Barium thiocyanate is a colorless, water-soluble, and highly hygroscopic salt. It is extremely toxic when consumed and irritates the skin. In addition, it is soluble in most alcohols but insoluble in simple alkanes. It is used in dyeing, photography, the preparation of thiocyanates of other metals, and as a cellulose dispersing agent.
Many reactions generate heat; in fact, heat generation is often expected when people think of chemical reactions. Endothermic reactions, or those that consume heat, can be just as exciting. One of the most striking examples is the mixture of the solids barium hydroxide and ammonium thiocyanate in a beaker.
- Chemical formula: Ba(SCN)2
- Molar mass: 253.49 g/mol
- Appearance: White crystals
- Solubility in water: 62.63 g/100 ml (25°C)
- Solubility: Soluble in acetone, methanol, and ethanol
Barium thiocyanate is made by dissolving barium metal or barium nitrate in thiocyanic acid.
Ammonium thiocyanate is combined with barium hydroxide. The mixture is stirred, and the two solids react. Because water is one of the reactions products, slush is formed. A drop of water is placed on a block of wood, and the beaker is placed on top of the water drop. The reaction is endothermic, meaning it absorbs heat. As a result, the bottom of the beaker becomes cold enough to freeze the water and cause it to stick to the wood.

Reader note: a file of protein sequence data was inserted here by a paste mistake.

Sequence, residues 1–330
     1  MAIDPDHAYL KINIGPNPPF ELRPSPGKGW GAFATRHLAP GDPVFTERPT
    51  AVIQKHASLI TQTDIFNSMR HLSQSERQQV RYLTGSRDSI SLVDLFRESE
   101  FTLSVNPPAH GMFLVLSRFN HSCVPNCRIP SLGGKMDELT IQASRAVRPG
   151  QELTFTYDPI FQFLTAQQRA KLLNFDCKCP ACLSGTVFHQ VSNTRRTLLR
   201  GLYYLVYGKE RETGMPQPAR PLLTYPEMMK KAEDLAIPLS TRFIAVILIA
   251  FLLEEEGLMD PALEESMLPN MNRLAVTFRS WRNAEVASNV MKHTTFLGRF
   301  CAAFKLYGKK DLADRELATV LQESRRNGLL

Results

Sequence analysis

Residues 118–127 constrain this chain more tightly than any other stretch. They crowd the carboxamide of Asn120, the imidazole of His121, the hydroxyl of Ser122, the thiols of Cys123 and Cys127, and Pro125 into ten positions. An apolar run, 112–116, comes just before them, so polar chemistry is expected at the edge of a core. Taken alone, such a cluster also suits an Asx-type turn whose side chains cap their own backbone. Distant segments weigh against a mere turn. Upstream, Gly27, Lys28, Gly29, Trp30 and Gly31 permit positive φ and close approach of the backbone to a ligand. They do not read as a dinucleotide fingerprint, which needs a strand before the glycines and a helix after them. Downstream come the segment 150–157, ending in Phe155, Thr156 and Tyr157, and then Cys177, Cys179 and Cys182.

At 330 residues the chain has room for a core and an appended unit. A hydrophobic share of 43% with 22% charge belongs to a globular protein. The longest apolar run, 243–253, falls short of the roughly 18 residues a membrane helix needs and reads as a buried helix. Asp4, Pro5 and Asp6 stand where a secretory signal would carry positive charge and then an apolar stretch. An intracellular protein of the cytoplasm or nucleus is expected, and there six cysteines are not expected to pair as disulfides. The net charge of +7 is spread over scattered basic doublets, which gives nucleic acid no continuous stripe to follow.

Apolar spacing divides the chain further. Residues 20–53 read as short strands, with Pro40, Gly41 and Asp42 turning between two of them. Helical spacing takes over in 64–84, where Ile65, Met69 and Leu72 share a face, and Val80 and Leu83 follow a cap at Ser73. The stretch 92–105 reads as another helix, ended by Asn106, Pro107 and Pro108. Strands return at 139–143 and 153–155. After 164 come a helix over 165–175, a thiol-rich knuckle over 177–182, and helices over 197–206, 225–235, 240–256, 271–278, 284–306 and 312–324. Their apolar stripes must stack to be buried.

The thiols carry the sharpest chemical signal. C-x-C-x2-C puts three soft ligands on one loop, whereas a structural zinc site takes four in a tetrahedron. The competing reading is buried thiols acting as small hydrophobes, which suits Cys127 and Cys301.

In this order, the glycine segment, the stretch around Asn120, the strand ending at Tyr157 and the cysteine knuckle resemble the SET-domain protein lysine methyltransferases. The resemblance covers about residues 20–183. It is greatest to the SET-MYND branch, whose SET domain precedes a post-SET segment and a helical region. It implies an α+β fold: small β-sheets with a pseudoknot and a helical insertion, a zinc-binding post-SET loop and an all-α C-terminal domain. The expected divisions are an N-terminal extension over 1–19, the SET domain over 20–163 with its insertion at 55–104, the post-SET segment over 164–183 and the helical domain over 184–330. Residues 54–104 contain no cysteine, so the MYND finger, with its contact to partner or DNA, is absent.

Barium thiocyanate is used in textile dyeing and is found in some photographic solutions. However, due to its toxicity, it has limited applications.
Ingestion of barium salts is toxic. Ingestion of ammonium thiocyanate is also hazardous. Handle the beaker or flask with care. If tongs are available, use them. The temperatures involved are cold enough to cause skin to freeze. Ammonia vapor is extremely irritating to the eyes and respiratory tract. Students should not be allowed to inhale this gas. Wear chemical splash goggles, chemical-resistant gloves, and a chemical-resistant apron when working with chemicals.